Mahle Blasts EU’s Anti-ICE Emissions Stance

Global automotive powertrain supplier, Mahle, has slammed the European Union Commission’s short-sighted hostility to ICE as an asset in reducing global warming.

The attack brings the auto technology group in line with other industry voices pleading for regulators to recognize that clean advanced ICE technology is vital in reducing green house gases in the short and medium terms. In a statement responding to the Commission’s powertrain strategy, Mahle said it does not maintain the balance which is required between environmental protection, technology and employment because the Commission has finally abandoned the approach of technology neutrality.

The Stuttgart headquartered automotive component supplier says it is committed to a technology-neutral triple blend for the future: electric drive systems, fuel cells and smart, sustainable internal combustion engines operated on non-fossil fuels. Under the Commission’s, CO2 emissions of vehicles will continue to be determined solely on the basis of exhaust emission measurements. A reduction of 55% by 2030 and 100% by 2035 is planned for passenger cars. On this basis, there will be no further involvement of sustainable alternatives, such as plug-in hybrids and non-fossil fuels, despite these having the potential to make a significant contribution to CO2 reduction or even carbon neutrality.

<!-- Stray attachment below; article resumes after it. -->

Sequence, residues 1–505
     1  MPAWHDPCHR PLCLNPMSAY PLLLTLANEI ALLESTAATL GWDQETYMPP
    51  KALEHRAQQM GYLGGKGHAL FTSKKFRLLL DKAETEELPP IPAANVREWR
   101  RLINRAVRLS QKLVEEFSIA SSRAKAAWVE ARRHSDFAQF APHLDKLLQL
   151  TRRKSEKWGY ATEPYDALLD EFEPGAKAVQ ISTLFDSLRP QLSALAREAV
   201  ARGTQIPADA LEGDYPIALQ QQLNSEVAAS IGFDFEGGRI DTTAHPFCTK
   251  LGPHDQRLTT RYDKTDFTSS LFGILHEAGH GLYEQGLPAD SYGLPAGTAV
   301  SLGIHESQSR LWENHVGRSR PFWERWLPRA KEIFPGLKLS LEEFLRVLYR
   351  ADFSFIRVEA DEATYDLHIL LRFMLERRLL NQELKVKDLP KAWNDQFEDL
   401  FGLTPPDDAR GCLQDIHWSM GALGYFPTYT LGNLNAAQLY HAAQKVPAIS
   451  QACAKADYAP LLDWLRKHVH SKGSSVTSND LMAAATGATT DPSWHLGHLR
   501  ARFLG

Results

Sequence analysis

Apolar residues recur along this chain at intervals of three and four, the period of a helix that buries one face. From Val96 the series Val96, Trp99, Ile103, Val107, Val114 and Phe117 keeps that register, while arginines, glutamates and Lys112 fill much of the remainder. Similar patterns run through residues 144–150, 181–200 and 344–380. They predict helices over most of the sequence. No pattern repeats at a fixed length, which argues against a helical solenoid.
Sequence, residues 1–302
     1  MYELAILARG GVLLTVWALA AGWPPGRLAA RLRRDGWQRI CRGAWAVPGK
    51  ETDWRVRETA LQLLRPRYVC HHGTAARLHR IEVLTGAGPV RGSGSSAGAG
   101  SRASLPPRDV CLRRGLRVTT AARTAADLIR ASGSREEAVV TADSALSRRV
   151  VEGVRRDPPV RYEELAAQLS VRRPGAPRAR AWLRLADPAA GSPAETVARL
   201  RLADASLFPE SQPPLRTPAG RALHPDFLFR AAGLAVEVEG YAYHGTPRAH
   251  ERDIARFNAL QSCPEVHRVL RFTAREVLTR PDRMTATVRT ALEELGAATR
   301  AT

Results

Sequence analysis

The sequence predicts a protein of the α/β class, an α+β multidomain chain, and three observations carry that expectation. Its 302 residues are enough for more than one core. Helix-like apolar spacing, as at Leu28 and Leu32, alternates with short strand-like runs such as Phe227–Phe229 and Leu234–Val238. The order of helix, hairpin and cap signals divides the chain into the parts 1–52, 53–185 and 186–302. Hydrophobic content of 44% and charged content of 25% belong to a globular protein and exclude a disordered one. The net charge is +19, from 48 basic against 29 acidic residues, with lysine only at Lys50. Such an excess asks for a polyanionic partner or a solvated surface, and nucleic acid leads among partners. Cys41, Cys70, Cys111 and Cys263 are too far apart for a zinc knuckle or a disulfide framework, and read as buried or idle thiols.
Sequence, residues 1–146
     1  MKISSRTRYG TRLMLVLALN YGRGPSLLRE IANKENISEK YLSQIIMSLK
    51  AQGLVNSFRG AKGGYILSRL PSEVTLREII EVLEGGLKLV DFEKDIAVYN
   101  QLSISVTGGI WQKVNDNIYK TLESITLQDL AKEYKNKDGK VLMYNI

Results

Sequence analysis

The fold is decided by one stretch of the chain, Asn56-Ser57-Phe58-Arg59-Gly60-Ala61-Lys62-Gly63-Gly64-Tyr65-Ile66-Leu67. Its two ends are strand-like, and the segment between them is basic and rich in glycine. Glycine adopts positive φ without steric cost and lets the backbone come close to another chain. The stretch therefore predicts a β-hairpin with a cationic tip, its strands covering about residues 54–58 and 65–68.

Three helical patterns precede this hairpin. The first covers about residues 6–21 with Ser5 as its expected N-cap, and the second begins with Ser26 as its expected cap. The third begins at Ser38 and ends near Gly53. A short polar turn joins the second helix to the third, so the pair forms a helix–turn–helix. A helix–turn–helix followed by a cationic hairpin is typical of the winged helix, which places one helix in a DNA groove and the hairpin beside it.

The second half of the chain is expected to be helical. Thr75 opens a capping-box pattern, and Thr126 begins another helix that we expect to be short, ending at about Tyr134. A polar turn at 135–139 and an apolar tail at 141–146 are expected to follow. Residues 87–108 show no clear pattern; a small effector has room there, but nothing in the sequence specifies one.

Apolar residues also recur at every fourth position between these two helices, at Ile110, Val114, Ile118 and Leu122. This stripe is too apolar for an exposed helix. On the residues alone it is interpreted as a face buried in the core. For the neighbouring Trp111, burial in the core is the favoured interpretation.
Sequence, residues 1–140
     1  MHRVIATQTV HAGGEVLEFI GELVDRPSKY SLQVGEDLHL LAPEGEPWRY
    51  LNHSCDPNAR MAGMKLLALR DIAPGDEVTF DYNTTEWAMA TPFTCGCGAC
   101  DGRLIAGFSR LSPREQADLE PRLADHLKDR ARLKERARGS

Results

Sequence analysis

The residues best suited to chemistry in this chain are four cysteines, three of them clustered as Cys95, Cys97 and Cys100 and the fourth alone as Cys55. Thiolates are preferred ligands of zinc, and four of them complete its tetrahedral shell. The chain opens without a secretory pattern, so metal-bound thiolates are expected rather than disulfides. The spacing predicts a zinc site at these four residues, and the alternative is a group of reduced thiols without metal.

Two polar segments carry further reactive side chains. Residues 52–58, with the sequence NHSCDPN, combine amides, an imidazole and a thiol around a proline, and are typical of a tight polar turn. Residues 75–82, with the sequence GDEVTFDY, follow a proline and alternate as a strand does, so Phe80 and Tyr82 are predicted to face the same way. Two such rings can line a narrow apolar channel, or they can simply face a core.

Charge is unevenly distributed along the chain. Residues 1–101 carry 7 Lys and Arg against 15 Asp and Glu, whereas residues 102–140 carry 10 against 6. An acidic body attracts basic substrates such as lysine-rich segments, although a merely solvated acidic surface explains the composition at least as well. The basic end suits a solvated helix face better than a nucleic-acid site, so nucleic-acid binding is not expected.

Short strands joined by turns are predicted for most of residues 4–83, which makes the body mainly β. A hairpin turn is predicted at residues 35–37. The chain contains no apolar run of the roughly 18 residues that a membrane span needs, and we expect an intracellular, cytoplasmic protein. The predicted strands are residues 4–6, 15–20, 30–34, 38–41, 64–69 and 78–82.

Also, on the basis used for calculation by the EU Commission, the target of carbon neutrality will lead to a steep rise in new vehicle registrations from less than 10% all-electric vehicles at the present day to 100% in 14 years. Such a rapid pace of transformation dictated by politicians would be unprecedented in the history of industry. It adds that the Commission’s proposals will constitute an intervention in global competitiveness and significantly impact industrial locations in Europe and especially Germany.

Michael Frick, CFO of the Mahle Group and chairman of the group board of management, said: “The prescription of specific technology is in contradiction with the principles of a free market and competition to which Mahle is committed. This approach will jeopardize value creation and, in the final resort, employment in Germany and Europe,”

— Paul Myles is a seasoned automotive journalist based in Europe. Follow him on Twitter @Paulmyles_


One comment

  1. Avatar Ron Holt 18th July 2021 @ 10:29 pm

    EU and the UK governments are looking no further than tailpipe emissions and are completely ignoring the effects of an all-electric automobile future on industry and the environmental damage caused by extra electricity generation by fossil fuel power plants and the mining of battery materials.

Leave a Reply to Ron Holt Cancel reply

Your email address will not be published. Required fields are marked *